Diane S ☔
Apr 14, 2013 rated it liked it
Shelves: roadrallyteamb
This is probably not a book I should have read, I think it is brilliantly written and it is certainly about a little explored subject. The tone is almost dreamy, which is expected because so much of the book takes place in dreams. Which leads me to my problem with the book, I love learning about new cultures, so Malaysia as the country was enticing. It was just too much fantasy for me, too much of the dreaming and the dead. Just not my cup of tea, but I know others have loved and will love this ...more
Amy | Foxy Blogs
I happened up The Ghost Bride while at the library the other day. The gorgeous cover caught my eye. My daughter gave me a mini lesson about Chinese culture and what a ghost bride is.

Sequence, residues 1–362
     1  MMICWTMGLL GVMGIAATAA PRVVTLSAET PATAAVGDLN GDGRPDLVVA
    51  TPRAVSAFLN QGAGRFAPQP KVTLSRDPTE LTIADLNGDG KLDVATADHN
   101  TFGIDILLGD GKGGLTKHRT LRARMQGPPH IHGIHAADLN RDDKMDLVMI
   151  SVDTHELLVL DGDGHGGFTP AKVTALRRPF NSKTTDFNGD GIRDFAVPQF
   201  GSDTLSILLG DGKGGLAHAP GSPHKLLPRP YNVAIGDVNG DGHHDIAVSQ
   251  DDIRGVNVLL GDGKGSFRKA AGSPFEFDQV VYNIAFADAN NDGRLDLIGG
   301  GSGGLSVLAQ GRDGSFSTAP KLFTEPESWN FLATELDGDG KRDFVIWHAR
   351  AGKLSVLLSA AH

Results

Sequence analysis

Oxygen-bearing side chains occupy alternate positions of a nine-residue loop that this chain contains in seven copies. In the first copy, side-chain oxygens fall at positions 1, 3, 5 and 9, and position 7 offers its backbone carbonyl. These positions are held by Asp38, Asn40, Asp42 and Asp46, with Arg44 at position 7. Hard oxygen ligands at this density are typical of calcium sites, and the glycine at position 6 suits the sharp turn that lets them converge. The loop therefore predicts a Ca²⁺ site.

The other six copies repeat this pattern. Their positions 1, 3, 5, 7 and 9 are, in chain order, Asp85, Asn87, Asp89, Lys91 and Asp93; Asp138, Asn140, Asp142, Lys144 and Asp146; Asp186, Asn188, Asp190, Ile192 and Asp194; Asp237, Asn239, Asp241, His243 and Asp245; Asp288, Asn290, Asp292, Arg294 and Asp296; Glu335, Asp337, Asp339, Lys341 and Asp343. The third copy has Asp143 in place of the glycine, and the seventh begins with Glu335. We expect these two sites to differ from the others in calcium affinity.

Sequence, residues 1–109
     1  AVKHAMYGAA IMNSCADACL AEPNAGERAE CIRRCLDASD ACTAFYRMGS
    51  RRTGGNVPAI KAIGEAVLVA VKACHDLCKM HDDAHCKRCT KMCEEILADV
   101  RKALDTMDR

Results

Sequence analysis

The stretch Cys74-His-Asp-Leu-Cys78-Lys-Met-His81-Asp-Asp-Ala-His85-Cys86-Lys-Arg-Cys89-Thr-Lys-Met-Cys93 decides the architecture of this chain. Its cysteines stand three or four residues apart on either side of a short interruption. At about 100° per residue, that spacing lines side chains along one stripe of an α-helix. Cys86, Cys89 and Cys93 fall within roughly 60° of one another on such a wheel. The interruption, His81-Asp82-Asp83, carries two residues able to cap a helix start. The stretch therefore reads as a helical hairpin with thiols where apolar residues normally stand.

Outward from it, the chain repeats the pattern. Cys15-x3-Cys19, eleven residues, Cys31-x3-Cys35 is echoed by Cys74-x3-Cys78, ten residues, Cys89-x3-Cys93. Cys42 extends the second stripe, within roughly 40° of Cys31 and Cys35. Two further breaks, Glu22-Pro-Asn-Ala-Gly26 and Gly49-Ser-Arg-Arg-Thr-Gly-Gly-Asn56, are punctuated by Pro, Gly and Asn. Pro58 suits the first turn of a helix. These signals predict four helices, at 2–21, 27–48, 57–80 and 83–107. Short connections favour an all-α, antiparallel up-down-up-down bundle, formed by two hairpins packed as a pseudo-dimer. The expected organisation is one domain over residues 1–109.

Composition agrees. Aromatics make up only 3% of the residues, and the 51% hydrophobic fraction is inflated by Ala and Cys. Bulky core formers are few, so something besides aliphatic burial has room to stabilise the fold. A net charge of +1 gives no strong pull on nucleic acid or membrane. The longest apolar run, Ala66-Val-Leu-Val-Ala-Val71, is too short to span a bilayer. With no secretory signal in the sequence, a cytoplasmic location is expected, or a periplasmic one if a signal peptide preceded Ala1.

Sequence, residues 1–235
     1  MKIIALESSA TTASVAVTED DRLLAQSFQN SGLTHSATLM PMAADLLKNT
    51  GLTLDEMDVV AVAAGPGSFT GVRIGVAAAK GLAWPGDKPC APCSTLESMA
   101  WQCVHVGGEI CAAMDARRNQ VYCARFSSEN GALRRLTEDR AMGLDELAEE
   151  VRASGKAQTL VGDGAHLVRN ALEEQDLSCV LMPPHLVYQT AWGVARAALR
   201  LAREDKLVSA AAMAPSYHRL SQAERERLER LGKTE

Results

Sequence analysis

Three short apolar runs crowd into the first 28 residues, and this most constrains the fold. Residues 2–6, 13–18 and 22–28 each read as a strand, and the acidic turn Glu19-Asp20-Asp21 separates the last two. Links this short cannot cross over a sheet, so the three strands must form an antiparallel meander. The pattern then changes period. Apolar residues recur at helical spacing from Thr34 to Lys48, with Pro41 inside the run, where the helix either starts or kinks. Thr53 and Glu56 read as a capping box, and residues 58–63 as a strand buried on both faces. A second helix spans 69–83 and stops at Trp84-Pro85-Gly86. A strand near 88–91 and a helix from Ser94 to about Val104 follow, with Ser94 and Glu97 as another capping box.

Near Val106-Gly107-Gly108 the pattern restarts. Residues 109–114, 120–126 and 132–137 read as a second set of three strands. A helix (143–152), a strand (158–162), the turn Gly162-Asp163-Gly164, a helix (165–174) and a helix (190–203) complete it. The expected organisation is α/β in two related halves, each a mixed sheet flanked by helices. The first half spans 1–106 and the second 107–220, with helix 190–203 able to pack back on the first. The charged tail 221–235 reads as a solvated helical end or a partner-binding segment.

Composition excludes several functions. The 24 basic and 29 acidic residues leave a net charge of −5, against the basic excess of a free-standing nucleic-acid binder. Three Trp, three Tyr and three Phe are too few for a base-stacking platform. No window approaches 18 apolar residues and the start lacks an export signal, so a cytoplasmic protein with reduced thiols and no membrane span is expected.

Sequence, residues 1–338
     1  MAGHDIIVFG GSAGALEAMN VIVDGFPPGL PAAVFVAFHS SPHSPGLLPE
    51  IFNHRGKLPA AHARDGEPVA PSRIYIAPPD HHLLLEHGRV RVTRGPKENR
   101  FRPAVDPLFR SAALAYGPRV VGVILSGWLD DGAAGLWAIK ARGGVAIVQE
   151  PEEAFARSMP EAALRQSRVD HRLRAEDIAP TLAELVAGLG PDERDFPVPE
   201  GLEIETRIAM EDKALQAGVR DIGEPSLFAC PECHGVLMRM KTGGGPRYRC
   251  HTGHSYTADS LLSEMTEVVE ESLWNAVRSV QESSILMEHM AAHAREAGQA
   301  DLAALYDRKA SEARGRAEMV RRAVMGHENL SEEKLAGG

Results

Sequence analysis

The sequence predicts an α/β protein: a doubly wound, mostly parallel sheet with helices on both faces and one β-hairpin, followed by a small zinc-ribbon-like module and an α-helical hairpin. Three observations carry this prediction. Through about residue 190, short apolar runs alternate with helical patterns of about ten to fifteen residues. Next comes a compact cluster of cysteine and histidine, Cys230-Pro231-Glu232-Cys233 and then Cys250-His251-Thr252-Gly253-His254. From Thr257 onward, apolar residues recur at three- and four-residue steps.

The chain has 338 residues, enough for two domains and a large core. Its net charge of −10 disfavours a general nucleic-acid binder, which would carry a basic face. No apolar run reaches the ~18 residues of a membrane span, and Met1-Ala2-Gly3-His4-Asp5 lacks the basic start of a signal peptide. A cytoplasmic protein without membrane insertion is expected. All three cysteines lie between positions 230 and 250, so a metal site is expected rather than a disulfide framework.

Li Lan is a teen girl whose mother passed away a long time ago. Her father has been offered a deal where his money troubles would go away IF his daughter, Li Lan, would marry the Lim family’s deceased son. The Lim's are wealthy and they want their restless deceased son's passage to the afterlife to be a cal

The title of the book captured my attention immediately. I just had to read it.

Li Lan, the eighteen-year-old narrator stemmed from a Chinese family who settled in Malaya in the 1800s. Although there were various other influences in their lives from the multitude of cultures present at the time, including the British influences, her family, as most Chinese families, still maintained their own belief systems. Hence it resulted in her being subjected to one of the traditions of providing prosperity
Li Lan a woman on the edge of childhood and womanhood gained a proposal from a famously rich dead son. Crazy, right? Terrorized by his ghost leads her through a journey to solve a cloudy mystery.